Thanks to Sri Ram Balasubramanian for the share.
In the worldly courses of conduct, the happiness that can be obtained can only be had mixed with pain. If a person takes daily some nourishing food, the body will become fat and stored with excess energy.
Modern people will agree that to reduce such accumulation of fat, a day’s fast once in a fortnight is desirable. But they will ask, why should it be on the day of ekādaśī and why not we have it on any day we like? We might as well ask, why not on that day?
Ekādaśī is a day sacred to God Viṣṇu. When we do a good thing, is it not proper that we do it on a good day? It gives us not only a worldly benefit to our bodies, but an unseen benefit or puṇya. A day’s fast will produce some heat and bile in the body and also cause some constipation.
To remove these undesirable effects and give us perfect health, the Śāstras have prescribed certain items to be included in the meal the next day, such as leaves of the agastya plant and fruits of the āmalakā (gooseberry) tree.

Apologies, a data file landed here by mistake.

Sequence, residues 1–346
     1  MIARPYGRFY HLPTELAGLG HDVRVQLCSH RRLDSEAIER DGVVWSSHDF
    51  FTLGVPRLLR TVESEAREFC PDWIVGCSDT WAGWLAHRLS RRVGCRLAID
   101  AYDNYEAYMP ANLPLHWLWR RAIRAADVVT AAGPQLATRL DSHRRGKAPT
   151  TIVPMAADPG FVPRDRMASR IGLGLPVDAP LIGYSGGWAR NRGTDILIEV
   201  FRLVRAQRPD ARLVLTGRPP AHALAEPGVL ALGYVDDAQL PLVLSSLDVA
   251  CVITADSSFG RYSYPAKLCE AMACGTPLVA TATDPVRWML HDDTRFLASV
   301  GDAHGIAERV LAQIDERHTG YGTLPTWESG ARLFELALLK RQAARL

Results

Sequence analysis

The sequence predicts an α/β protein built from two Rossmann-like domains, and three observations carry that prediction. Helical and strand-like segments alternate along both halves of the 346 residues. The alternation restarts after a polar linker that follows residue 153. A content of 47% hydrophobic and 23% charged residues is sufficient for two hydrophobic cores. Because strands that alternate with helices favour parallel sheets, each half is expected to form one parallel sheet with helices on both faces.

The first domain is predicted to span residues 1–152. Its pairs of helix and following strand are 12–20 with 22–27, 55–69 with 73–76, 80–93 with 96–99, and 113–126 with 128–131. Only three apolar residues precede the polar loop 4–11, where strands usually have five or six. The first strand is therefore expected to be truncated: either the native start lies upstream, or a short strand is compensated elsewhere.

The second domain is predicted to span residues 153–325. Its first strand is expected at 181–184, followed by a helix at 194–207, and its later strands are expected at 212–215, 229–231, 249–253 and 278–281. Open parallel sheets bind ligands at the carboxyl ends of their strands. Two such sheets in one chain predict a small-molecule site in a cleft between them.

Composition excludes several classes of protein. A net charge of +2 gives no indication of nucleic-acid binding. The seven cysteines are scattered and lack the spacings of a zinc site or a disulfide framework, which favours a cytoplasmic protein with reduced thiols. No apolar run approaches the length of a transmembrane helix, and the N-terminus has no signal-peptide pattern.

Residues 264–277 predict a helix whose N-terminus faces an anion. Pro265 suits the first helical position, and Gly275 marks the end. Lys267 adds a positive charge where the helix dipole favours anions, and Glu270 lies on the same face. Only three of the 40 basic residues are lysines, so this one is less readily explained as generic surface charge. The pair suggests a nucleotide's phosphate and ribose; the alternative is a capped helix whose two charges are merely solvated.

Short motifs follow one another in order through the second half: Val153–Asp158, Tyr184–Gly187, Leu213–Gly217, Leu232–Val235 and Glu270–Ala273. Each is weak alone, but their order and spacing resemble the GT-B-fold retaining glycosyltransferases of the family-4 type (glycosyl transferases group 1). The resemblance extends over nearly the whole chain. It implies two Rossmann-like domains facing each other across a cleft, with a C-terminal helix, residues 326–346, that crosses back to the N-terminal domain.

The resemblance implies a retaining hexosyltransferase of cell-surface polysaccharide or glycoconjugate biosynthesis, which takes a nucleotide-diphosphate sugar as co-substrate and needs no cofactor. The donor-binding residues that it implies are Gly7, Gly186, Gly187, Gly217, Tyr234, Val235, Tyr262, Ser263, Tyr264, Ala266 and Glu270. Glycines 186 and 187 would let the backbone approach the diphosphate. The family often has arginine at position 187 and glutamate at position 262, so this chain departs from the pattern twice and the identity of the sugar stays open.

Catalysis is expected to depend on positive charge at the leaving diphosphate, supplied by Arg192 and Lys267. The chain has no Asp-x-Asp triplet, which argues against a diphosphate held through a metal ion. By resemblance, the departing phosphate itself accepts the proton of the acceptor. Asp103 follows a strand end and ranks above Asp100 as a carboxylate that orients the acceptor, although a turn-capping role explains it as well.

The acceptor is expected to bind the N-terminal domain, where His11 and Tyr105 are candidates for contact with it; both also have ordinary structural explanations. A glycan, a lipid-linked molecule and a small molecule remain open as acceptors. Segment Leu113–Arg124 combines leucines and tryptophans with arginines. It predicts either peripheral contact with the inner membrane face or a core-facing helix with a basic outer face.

Therefore, inasmuch as both the kinds of benefit ensue from a proper performance of activities prescribed in the Śāstras, it is not reasonable to treat with indifference the aspect of unseen spiritual benefit obtainable from such activities.
It is not proper to draw attention to the purification of blood and other symbols of health as the perceptible results of prostrations to the Sun and other activities, as if such perceptible results are the main aim in the prescription of the Śāstras.
The function of the Śāstras is to prescribe the means which cannot be learnt by direct experience or by inference. Their objective is only one: the unseen spiritual effect. The perceptible results are only by way of by-products.
For example, we rear mango trees only for the sake of their fruits. But the leaves, the shade and the aroma that we get from the trees are also enjoyed as by-products.
The Śāstras call such benefits secondary which will come on their own accord, even if not desired. Scorching is natural to fire whether you touch it intentionally or not. Similarly whether you intend or not, the perceptible results are bound to attend the performance of any act; but as they are only secondary effects, no independent effort is needed to produce them.
-His Holiness Śrī Candraśekhara Bhāratī Mahāsvāmī
(Published in Tattvāloka of July 2019)